Once the data consumer have gained access to the requested data asset ciphertext from the ICARUS platform and the ciphertext has been downloaded locally, a request is created to the data provider for the decryption key for the specific data asset cyphertext. The data provider, upon successful validation and active contract verification, shares the symmetric key (for the data asset decryption) via an established secure SSL-enabled connection to the data consumer. In the end, the data consumer utilises the decryption key to decrypt the data asset and properly access the underlying data.
Data anonymisation is the critical process in which sensitive data that are included in the datasets which contain not only personal information but also confidential, business and / or private information are safeguarded. Within this context, the ICARUS Anonymisation method addresses the problem of data privacy protection by providing a customisable process that can be appropriately configured depending on the nature of the data to be anonymized, as well as on the privacy threat that needs to be properly eliminated. Towards this aim, it supports a generic-enough anonymization workflow that covers the complete spectrum of aviation related data across a wide range of aviation-related data analysis cases.
In the ICARUS Anonymisation method the data provider holds a key role as he/she is the only one that both deeply comprehends the privacy concerns and vulnerabilities of the data. The method is tailored based on his/her input for the appropriate parameters of the anonymisation workflow which is configured and executed prior to making a dataset available to other ICARUS stakeholders.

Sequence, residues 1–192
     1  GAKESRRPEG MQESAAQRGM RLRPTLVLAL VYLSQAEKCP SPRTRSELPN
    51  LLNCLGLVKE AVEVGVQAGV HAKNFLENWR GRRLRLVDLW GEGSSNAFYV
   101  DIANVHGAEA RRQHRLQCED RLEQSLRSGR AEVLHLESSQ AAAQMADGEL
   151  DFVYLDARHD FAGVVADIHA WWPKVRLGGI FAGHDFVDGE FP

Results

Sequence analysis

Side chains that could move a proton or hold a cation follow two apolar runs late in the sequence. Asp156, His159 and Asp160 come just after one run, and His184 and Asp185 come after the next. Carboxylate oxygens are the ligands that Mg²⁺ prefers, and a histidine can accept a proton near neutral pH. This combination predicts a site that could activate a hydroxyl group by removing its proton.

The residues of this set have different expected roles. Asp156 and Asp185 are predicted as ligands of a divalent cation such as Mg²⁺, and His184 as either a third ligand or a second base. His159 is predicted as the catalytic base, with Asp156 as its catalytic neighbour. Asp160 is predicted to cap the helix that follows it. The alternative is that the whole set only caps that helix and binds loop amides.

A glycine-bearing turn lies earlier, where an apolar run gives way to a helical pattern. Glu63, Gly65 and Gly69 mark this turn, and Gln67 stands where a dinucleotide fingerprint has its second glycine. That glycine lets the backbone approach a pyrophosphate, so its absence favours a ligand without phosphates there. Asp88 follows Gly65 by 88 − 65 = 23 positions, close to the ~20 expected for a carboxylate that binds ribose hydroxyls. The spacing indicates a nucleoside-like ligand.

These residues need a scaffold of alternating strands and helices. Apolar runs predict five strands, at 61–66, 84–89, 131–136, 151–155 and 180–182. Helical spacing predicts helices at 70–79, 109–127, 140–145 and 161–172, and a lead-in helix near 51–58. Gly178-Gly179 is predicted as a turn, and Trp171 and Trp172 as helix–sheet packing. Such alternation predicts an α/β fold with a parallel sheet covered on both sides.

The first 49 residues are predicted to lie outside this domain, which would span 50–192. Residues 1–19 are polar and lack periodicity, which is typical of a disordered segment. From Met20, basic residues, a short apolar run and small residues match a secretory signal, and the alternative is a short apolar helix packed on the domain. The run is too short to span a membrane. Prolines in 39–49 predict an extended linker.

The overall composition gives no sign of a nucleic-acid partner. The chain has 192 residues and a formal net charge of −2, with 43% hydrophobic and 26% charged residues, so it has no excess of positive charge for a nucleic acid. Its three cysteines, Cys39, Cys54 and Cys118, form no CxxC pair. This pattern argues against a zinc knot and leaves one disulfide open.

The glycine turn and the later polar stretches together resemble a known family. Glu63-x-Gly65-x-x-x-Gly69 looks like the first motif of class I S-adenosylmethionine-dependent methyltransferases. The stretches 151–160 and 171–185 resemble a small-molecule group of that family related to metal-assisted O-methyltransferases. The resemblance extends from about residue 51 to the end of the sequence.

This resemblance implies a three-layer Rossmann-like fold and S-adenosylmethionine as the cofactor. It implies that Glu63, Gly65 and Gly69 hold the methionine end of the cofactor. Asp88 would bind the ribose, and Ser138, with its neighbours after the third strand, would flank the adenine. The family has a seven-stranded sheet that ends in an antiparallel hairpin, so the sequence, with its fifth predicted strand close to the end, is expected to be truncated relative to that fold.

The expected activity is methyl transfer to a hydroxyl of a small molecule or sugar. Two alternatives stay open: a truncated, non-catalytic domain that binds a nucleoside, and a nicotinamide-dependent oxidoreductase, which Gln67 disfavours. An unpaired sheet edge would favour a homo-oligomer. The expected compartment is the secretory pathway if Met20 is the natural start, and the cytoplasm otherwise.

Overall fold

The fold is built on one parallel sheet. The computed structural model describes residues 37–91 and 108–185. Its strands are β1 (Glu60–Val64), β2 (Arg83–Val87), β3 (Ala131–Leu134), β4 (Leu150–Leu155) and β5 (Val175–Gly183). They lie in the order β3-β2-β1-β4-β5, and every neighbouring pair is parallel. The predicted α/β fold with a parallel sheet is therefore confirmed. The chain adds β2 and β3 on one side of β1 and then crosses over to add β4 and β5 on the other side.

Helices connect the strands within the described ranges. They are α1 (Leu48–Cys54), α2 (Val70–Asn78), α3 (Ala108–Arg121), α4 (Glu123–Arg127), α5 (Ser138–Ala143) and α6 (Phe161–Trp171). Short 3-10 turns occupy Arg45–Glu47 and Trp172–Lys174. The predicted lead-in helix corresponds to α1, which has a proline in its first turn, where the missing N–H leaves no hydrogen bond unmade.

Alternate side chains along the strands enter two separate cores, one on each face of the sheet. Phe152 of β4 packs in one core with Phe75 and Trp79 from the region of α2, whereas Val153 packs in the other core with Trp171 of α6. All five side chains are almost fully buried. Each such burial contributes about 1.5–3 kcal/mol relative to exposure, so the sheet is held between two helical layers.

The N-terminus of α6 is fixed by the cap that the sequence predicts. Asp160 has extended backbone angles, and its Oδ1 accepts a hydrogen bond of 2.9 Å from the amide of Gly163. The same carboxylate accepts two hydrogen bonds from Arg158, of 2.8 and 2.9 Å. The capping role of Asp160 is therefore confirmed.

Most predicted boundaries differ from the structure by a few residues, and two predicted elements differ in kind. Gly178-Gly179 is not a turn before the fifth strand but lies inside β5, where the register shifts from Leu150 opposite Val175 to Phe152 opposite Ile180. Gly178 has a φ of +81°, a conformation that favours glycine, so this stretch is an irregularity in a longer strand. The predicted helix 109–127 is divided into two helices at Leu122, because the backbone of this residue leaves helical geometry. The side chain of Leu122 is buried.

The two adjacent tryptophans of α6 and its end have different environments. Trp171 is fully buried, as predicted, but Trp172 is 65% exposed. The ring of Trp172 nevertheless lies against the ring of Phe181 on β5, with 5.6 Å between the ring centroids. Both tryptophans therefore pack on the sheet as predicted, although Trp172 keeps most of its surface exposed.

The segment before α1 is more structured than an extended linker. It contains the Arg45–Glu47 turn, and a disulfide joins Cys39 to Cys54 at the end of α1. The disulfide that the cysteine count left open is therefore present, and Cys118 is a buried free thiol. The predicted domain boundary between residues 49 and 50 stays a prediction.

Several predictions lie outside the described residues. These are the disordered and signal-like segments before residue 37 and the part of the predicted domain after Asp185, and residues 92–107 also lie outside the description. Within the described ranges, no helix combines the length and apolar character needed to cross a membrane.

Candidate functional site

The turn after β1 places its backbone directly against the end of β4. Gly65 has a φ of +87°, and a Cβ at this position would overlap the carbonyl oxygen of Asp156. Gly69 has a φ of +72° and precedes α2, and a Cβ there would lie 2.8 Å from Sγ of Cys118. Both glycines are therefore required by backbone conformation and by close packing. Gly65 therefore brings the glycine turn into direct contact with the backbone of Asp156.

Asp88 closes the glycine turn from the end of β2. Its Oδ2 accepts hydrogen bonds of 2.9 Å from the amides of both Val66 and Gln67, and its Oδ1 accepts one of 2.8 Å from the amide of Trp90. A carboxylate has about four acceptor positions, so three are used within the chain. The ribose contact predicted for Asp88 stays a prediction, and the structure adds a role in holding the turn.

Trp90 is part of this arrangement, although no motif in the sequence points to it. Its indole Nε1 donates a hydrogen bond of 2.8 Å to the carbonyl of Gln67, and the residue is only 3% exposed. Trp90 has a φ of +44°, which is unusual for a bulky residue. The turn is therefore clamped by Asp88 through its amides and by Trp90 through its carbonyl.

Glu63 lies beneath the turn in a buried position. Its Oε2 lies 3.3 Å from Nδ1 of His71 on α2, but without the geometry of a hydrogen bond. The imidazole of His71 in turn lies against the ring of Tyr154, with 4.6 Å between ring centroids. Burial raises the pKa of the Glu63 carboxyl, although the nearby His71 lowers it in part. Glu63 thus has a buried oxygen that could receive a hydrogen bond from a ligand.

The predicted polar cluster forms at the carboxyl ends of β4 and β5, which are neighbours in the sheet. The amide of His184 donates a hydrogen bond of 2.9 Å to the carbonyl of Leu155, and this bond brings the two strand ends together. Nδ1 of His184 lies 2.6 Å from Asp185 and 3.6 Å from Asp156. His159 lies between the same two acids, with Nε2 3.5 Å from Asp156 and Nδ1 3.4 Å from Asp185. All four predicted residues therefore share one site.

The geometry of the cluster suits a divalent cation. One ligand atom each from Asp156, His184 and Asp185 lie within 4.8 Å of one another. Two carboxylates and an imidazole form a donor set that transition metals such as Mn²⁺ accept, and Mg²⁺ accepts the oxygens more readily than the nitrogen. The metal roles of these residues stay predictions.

Hence, in the ICARUS perspective, the process of Data Anonymisation includes the following steps:
Step 1. Definition of the attribute types
The data provider is upon selecting the data asset to be anonymised is responsible for defining the attribute type of all the fields included in the data asset. In accordance with the data anonymisation techniques, there are four types of attribute types in respect to privacy issues: (a) insensitive variables, which can be kept unmodified, (b) identifying variables, which are variables that must be removed from the data set as they pose a high risk of re-identification, (c) Quasi-identifying (QID) variables, which are variables that can be used directly for re-identification, but they may in combination be used for linkage and must be transformed and (d) Sensitive variables which can be kept as-is, but they can be protected using privacy models. Their categorisation serves as the basis for the next step in which the privacy models will be configured.